How far is this deer?

Discussion in 'Long Range Scopes and Other Optics' started by phillietimothy, Feb 25, 2011.

  1. phillietimothy

    phillietimothy Well-Known Member

    Jan 8, 2011
    Using a mil dot reticle in this link, how far is the standing deer. I am using the standard 18" back - brisket measurement as the known. I am assuming the scope is on the correct power for ranging? I come up with 187.5 feet or 62.5 yards. I want to know if I am ranging correctly? Under photo selection, I chose deer herd. Under the reticle selection, I chose the mil dot full ir. They actually look more like elk to me, but for the purposes of this thread we will assume an 18" back - to brisket measurement. This is a nice feature, I wish other scopes offered this.
    Last edited: Feb 25, 2011
  2. SBruce

    SBruce Well-Known Member

    Oct 31, 2009
    You are correct.
    Assuming the same things, 62.5 yds or slightly more (maybe 64 yds).

    Reason I say slightly more is because the "deer:rolleyes:" doesn't quite exactly cover 8 mils. Looks more like 7.8 to my eyes. Yes, no deer I've ever seen looks that way.

    BTW, most deer I've measured are more than 18" B2B. Large muley doe's avg 18-20, mature bucks are 20-24". Most antelope bucks avg 16-18". In real life and extended ranges, those extra 2" are important if we're going to range with a reticle.

    Likewise, being as precise as possible with the coverage is important at extended ranges. 1.3 mil vs 1.5 mil makes quite a difference with a 24" buck, 512 yds vs 444 yds respectively......enough to miss or make a poor hit.

    This is partly why 500 yds was considered long range in the days before laser range finders. In fact, anything beyond 300 was long range......anything beyond 500 was really long range. Lower BC bullets, no rangefinders, no windmeters, no ballistic software, scopes that didn't track accurate at all when we dialed the knobs, on and on.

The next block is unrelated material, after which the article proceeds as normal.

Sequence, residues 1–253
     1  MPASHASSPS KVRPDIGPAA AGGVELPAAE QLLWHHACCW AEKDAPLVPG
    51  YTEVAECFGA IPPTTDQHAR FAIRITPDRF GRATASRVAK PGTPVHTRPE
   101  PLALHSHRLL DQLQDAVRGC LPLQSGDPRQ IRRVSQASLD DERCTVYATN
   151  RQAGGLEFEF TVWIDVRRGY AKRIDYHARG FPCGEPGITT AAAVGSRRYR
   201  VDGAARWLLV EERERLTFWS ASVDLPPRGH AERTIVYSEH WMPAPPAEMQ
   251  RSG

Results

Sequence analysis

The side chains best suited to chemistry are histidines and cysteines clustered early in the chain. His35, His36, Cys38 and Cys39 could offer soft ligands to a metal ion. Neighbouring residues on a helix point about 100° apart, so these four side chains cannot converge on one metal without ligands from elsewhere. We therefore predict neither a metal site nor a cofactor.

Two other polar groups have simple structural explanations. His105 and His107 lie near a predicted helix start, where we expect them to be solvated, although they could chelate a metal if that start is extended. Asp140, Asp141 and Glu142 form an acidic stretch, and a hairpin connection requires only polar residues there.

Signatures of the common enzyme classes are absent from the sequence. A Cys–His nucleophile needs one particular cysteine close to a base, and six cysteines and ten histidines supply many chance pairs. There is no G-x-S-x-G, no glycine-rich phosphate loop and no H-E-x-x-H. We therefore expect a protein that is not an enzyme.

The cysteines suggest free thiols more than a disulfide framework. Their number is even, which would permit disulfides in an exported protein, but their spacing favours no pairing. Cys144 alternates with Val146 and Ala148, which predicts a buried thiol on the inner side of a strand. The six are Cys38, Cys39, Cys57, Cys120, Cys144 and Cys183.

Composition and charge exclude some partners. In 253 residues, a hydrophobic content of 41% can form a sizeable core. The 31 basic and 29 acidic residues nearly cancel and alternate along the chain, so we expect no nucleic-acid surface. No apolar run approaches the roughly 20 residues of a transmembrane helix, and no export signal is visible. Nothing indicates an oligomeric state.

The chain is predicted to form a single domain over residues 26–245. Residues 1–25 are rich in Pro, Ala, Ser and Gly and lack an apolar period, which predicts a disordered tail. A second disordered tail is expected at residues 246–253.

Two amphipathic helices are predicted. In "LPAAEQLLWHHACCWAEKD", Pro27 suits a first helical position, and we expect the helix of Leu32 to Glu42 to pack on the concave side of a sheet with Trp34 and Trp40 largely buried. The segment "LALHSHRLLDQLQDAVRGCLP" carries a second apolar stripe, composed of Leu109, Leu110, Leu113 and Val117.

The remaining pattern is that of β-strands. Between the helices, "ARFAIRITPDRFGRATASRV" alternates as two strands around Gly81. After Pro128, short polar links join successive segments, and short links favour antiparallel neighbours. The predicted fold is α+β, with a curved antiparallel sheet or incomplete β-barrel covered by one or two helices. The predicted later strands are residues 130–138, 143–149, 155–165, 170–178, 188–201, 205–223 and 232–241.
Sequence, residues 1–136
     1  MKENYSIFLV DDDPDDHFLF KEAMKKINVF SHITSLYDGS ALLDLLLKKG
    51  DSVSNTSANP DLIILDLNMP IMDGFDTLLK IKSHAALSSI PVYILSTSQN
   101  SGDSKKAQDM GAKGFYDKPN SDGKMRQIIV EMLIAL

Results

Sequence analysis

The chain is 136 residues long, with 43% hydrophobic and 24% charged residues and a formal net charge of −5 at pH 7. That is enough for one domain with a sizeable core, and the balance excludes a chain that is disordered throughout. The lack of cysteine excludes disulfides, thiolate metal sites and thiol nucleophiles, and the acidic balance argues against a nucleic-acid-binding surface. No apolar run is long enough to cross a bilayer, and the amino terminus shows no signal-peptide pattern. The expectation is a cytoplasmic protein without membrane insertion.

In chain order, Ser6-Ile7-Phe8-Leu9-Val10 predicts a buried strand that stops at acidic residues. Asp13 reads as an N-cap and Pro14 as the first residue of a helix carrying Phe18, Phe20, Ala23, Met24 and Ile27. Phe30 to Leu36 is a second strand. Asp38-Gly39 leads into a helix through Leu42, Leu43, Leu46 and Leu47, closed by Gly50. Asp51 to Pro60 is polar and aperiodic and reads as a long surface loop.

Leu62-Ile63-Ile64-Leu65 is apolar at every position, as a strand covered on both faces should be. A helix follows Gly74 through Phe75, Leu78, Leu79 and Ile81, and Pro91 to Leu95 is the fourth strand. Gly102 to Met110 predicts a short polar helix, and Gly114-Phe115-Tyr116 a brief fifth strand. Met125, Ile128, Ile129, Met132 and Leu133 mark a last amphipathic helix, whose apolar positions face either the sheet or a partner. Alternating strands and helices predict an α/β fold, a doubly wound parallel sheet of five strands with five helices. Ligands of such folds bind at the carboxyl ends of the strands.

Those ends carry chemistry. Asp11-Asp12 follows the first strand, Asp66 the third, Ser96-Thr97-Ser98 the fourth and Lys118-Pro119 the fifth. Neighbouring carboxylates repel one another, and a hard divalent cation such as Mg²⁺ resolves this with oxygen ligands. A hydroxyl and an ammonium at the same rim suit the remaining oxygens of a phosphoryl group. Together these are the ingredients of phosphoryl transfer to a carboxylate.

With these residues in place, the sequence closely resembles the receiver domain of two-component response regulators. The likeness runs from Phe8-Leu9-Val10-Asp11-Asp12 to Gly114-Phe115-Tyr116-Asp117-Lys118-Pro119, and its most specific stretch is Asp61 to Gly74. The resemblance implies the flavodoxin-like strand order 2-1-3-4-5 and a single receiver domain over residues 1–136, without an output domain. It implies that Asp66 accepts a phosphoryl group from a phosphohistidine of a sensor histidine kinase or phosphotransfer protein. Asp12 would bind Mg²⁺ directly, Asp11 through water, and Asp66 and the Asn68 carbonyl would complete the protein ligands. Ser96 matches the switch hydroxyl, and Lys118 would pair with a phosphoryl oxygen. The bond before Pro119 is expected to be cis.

Last edited: Feb 26, 2011

  3. sscoyote

    sscoyote Well-Known Member

    Feb 26, 2003
    John Barsness talks about reticle-rangefinding using simple plex reticles before the lasers came out--and said he was quite successful at it.

    This stuff is really fascinating to play with as it's all (rangefinding and downrange zero reference) based on the mil-ranging formula.

    Take a look at the 30-30 reticle in that website (...of which is one of the best resources out there for rangefinding reference, BTW). By applying the "mil-ranging formula," it can be seen how the simple plex reticle itself can be applied as an adequate rangefinding device very similar to the mil-dot. They give the subtension of that reticle as 15" from X-hair to plex post tip at 100 yds.

    If u bracket the "buck deer" which is actually a bull elk, and use say 27" back to brisket it can be seen that the b-b profile occupies about 1.5 plex post tip units. Here's the mil-ranging formula substituting 15 IPHY for the 3.6 IPHY subtension--

    27 x 100 / 15 / 1.5 = 120 yds.

    Neat stuff and GREAT site to study this stuff.